Published: 10:54, 29 July 2021
| Updated: 15:18, 29 July 2021
Yet more measures are being brought in on some of Kent's beaches to protect the popular stretch of coast as hoards of staycationers descend for the holidays.
Extra security, more bins and a daily NHS-led medical presence on Margate Main Sands are just some of the latest actions being taken by Thanet District Council.
It follows a problematic summer last year, with tens of thousands of people cramming onto the Isle's award-winning sands.
Fights broke out, tonnes of rubbish was left behind, people were caught defecating in public and many devastated residents were left picking up litter at the end of each day.
Earlier this year, Thanet council introduced new powers allowing on the spot £100 fines to be issued to troublemakers and people littering.
Council chiefs also implemented a beach management plan three months earlier than usual this year.
Now, with litter once again being left strewn on the sands, the authority is bringing in new initiatives to deal with the summer rush.
These include flags to draw people’s attention to the litter bins, 300 'The bin's over there' banners and 42 recycling bins in place at all the Blue Flag beaches.
There are 10 new litter picking stations which provide people with free recycled plastic bags and 15 additional dog waste bag dispenser stations with free biodegradable bags.
Cigarette butt pouches are available from firstname.lastname@example.org for local food and drink outlets to stock, and 'Respect Protect Enjoy' merchandise reinforcing the message is being worn by all coastal and enforcement teams. These are on sale at the Visitor Information Centre in Margate to help fund other community litter initiatives.
The council is also giving its support for a new art installation at Margate train station led by community litter picking group, Rise.Up.Clean.Up Margate.
Security is also being increased, particularly at the busiest times of the day.
Already this year there have been fights on the beaches, including one on Viking Bay during half term in which a man suffered a head injury in an assault.
A council spokesman said: "We have more resources this year than in any previous years, which includes three dedicated officers enforcing around the coast and eight coastal security wardens supporting them.
"We have dedicated enforcement patrol officers tasked with focusing on several hotspots along our coast, at peak times of the day.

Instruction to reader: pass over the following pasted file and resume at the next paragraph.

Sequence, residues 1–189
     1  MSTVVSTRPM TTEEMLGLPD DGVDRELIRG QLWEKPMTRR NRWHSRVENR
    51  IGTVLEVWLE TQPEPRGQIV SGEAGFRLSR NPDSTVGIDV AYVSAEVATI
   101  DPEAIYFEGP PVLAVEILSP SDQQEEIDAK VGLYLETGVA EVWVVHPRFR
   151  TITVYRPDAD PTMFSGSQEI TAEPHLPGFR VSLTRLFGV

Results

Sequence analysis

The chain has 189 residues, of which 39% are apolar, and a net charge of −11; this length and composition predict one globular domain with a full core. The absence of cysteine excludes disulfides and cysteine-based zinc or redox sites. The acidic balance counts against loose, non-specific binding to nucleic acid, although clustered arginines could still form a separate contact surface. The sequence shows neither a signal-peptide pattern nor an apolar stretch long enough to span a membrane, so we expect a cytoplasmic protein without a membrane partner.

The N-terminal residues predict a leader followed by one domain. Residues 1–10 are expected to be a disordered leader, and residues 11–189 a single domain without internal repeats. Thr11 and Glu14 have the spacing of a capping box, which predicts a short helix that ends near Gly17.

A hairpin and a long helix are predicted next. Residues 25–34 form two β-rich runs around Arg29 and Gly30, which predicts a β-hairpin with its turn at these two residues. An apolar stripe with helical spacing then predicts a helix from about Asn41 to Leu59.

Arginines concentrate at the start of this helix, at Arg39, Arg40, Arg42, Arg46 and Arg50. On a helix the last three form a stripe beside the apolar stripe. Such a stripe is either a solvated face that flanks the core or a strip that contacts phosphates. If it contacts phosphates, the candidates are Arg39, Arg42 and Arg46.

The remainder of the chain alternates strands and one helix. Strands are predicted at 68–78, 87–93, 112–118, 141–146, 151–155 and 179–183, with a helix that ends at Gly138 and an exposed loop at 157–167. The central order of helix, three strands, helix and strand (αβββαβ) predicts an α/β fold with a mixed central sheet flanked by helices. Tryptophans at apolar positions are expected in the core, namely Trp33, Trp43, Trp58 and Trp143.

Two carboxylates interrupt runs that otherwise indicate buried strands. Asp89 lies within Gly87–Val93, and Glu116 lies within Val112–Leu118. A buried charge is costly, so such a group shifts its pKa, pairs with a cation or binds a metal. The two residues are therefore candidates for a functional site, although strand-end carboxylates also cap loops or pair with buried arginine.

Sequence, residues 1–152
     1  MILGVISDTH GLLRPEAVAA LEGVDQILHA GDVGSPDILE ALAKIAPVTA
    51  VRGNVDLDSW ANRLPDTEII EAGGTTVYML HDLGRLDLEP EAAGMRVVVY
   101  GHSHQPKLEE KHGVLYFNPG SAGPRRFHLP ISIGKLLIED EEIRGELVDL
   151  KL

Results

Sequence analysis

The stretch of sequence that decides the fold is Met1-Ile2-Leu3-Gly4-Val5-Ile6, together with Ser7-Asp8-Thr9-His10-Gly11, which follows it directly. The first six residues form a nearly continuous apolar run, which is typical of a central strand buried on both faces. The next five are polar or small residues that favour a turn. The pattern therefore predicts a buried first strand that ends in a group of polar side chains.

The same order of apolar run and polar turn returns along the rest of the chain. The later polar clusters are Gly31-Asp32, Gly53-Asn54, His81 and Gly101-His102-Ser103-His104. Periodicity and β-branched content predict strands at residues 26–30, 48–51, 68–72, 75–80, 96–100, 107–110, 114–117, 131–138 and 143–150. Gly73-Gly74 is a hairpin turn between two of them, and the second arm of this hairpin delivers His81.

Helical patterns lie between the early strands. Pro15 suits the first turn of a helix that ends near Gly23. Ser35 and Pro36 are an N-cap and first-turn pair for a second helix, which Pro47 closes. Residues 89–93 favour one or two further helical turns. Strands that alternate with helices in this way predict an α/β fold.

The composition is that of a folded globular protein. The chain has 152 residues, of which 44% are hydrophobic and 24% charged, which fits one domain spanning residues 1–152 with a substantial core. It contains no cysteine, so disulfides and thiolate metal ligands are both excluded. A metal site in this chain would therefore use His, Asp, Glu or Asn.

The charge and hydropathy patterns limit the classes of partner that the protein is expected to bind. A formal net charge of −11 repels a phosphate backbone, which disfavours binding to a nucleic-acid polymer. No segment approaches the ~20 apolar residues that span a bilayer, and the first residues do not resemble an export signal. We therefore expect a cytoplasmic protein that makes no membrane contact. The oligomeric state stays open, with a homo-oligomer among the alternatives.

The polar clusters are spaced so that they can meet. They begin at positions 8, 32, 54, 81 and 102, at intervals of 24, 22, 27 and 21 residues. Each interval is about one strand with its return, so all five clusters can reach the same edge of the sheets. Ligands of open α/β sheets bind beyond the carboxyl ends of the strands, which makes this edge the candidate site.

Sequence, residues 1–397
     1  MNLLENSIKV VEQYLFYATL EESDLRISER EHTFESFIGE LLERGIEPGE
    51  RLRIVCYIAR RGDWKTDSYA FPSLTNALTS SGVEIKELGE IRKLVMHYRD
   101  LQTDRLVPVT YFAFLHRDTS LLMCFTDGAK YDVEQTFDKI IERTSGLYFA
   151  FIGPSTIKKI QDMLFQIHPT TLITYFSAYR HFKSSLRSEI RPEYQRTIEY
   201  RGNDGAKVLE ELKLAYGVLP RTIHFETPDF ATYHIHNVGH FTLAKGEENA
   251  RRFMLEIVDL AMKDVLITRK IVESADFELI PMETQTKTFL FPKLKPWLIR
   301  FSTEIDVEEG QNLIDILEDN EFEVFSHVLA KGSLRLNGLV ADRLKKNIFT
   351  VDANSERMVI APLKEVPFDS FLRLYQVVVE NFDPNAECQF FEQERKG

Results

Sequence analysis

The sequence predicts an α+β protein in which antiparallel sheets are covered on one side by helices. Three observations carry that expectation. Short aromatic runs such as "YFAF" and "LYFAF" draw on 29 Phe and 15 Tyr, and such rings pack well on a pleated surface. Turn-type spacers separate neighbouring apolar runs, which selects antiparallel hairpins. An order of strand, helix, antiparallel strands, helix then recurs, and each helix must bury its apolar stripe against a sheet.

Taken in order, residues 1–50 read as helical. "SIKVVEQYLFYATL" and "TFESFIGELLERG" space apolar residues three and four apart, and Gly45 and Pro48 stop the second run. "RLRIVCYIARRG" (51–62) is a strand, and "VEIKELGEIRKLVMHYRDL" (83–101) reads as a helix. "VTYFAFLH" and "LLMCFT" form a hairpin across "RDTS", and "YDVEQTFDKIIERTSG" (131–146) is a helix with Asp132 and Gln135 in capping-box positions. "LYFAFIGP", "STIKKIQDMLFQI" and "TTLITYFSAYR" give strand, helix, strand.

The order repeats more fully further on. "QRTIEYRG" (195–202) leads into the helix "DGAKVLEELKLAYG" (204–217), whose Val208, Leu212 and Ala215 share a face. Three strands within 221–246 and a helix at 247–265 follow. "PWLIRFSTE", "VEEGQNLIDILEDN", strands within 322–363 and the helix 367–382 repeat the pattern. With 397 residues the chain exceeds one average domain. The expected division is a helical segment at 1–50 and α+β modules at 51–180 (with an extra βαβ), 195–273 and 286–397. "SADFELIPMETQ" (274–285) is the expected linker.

"Security patrols will also support Civil Enforcement Officers at roads surrounding hotspot locations, such as Botany Bay."
Parking is a major issue around Kingsgate, with problems including roads being blocked, visitors parking over driveways and residents being abused.
The council says on a busy summer day in the summer it issues more than 100 Penalty Charge Notices (PCNs) for parking offences in Thanet.
This year there will be an increased presence of civil enforcement officers patrolling on foot, especially in the Kingsgate/Broadstairs area.
There will be static signage to direct visitors to some of the beaches which have more space and available parking when needed. One of these says ‘No Parking at Botany Bay’.
A special Beach Check app will also allow users to check which beaches are less crowded.
In addition to these measures there will be coloured flags for meeting points for lost children and daily medical presence led by NHS/South East Coast Ambulance Service at Margate Main Sands.
The council adds that the Viking Bay lift has been repaired and is now open for the public to use, the new concessions at Westbrook Bay is open until the end of the season and Thanet Coast Project has a series of events throughout the summer to raise awareness and inspire people about protecting marine life and our oceans.
Cllr Reece Pugh, cabinet member for economic development, says building on the experience from last year, it is clear that a joined up approach to manage the large volumes of people heading to Thanet's coast is critical.
"We are working hard with other agencies to ensure the services we provide for residents and visitors along our coastline run smoothly," he said.
"We know that litter left on our beaches will always be the biggest issue for our residents, so it’s great to be able to launch more schemes aimed specifically at encouraging behaviour change amongst people who find it acceptable to leave rubbish on the beach.
"We want people to do the right thing with their waste and put it in the bins provided.”
There are other initiatives already rolled out, including Portaloos at Margate Main Sands and Botany Bay, increased security around our toilets and a new ‘No Excuse for Abuse’ campaign to encourage respect towards council staff.
Some 15 beach cleaners work in two shifts between 6am and 8pm each day.